Wills and Inheritance Law in Greece
The key information you need regarding inheritance law and will-making in Greece...
According to Greek law, any person over the age of 18 and of sound mind is entitled to make a will in Greece to secure the transfer of their assets. Greece has a system of forced heirship, and a person may not freely determine who gets what. If a person dies without making a will, all assets will be divided among the next of kin, according to Greek law.
Any will that involves a property located in Greece has to follow Greek law, regardless of whether the testator is Greek or not and whether they lived in Greece or not. Therefore, the first step before deciding to write a will is to consult a Greek lawyer with experience in this matter.
Types of Will in Greece
There are three types of will in Greece:
- Holographic Will
- Mystic (secret) Will
- Public Will
This is the simplest type of will and should be handwritten by the testator in their language of preference. The will is dated and signed and is free of any legal formalities. The testator should give it to a public notary (Συμβολαιογράφος/simvoleografos), a lawyer, or to any other person where it can be kept safely.
A mystic, or secret, will is handwritten or typed by the testator or another person and bears the signature of the testator. The testator hands the will to a public notary or a lawyer in the presence of three witnesses (or a second notary and one witness), making an oral declaration that the document is their Final Will and Testament. The document should be sealed in the presence of the testator and of the witnesses.
The testator declares verbally their last will before a public notary and in the presence of three witnesses, or a second notary and one witness. The witness may not be a relative of the testator, a beneficiary in the will, or the appointed executor of the will. The content of the will should not be disclosed while the testator is alive. If the testator does not speak Greek fluently an interpreter can be used.
Wills may be cancelled or modified at any time, and a new will automatically cancels a previous one.
Inheritance Law in Greece
Greek inheritance law is regulated by the Greek Civil Code, Art. 1710 - 2035. All inheritance and tax claims regarding immovable property in Greece are decided according to Greek rules, even if the deceased was not Greek and even if the will was made under foreign law.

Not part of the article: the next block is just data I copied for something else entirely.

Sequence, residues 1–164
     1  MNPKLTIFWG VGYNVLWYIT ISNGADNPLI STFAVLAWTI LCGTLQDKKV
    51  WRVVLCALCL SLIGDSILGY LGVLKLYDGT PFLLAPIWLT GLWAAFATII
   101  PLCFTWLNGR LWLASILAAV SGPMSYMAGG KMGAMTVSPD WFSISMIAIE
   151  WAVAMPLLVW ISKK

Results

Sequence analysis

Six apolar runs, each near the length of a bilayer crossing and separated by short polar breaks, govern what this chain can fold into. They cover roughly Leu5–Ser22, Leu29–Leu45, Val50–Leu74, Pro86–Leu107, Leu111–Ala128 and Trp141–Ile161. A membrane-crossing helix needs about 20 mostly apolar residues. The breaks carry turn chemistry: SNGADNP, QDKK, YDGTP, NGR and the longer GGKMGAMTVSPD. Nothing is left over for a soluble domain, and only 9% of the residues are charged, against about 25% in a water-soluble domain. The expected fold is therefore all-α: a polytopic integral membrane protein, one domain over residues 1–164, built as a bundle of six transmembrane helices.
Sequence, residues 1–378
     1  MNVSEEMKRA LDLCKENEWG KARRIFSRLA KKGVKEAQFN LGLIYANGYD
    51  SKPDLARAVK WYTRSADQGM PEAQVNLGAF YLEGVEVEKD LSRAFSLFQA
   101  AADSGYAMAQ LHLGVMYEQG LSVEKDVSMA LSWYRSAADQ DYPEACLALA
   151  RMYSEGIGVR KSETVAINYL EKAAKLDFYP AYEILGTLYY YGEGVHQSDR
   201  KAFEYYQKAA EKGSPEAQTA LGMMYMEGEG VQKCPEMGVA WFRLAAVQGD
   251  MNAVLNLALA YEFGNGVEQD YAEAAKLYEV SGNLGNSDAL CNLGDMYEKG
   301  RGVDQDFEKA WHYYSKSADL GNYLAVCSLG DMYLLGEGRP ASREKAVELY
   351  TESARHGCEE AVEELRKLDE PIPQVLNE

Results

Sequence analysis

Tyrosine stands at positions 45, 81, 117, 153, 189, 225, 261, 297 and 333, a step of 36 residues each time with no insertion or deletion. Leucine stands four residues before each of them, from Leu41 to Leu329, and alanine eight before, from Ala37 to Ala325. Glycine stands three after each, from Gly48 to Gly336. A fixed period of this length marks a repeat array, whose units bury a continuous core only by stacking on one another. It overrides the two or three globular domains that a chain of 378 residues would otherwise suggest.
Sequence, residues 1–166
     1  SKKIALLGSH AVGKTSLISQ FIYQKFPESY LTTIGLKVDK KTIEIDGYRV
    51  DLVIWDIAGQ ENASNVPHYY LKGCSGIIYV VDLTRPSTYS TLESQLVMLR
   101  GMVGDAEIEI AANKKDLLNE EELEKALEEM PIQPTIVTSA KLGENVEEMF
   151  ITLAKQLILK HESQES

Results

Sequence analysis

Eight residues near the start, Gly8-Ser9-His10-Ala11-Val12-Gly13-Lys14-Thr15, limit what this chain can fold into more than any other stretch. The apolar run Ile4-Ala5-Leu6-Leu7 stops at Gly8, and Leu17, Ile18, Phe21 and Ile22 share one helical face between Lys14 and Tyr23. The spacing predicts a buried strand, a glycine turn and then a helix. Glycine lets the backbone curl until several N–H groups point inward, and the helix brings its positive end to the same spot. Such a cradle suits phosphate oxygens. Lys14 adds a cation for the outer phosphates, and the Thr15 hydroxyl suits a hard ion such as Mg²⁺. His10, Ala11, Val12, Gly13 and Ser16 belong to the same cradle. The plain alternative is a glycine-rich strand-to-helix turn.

- A will made and signed in Greece must be probated in Greece
- A will signed outside of Greece must be probated in the country where it was signed and must then be registered at the Greek court in Athens
Wills made abroad are deposited at a Greek consular authority or to the registrar of a court of first instance. After the probation, the documents should be transferred immediately to the registrar of the Court of first instance of Athens.
The following documents are required:
- Death certificate officially translated into Greek
- A true copy of the will officially translated into Greek
- A certificate from the registrar stating that the will has been probated in the foreign country
Foreign residents making a claim
A person residing abroad may only claim their inheritance at the Athens courts. If the owner of a Greek property dies abroad, regardless of their nationality, the successors must take all the necessary actions through the Athens courts.
The first step in claiming an inherited property in Greece is to contact an attorney qualified and permitted to conduct research in Greece's land registries and mortgage offices. The claimer should provide the lawyer with:
- Any existing will
- A detailed family tree, in order to determine who can claim a share of the property according to Greek law
According to Greek inheritance law, the children and the spouse are entitled to inherit a part of the legacy, regardless of the conditions imposed by a will. If the deceased has not left a will, the heritage is divided among their closest relatives. If the deceased was not Greek, the legacy will be divided according to the law of their country of citizenship.
Inheritance Tax in Greece
Inheritance tax is imposed on each beneficiary, and the rate is determined by the relationship between the deceased and the beneficiary and the value of the property received. An inheritance tax declaration should be submitted by the beneficiary or their legal representative within six months from the date of death or from the date of the will's probation. However, this period is one year from the date of probation if the beneficiaries reside outside of Greece.
The inheritance tax differs according to the degree of relationship between the deceased and the heir. For example, a surviving spouse and children pay less inheritance tax than brothers and sisters of the deceased.
Foreign citizens are subject to the same tax rates as Greek citizens.
Note: there is no inheritance tax for the successor who inherits assets of a person who died prior to 1 January 1990.
Submitting an inheritance tax declaration
The following documents are required when submitting an inheritance tax declaration:
- Death Certificate ( Ληξιαρχικής Πράξης Θανάτου/Lixiarhiki praxi thanathou)
- A certified copy of the will in Greek
- Proof of the type and degree of kinship with the deceased from the municipal authority
- The testimonial of the Secretary of Judges of a court of first instance that the will was not publicised previously
- Legal authorisation if represented by an attorney
- Documents proving the date of the beginning of tax obligation
- Legal proof of any debts that the deceased had in order to deduct from the inheritance
The declaration must be submitted to the Tax office (Εφορία) in the area where the deceased resided, or to the Foreign Residents Tax office (κάτοικοι εξωτερικού/Katikon Exoterikou) if the deceased resided abroad.
- Christos Lliopoulos has more information for calculating inheritance tax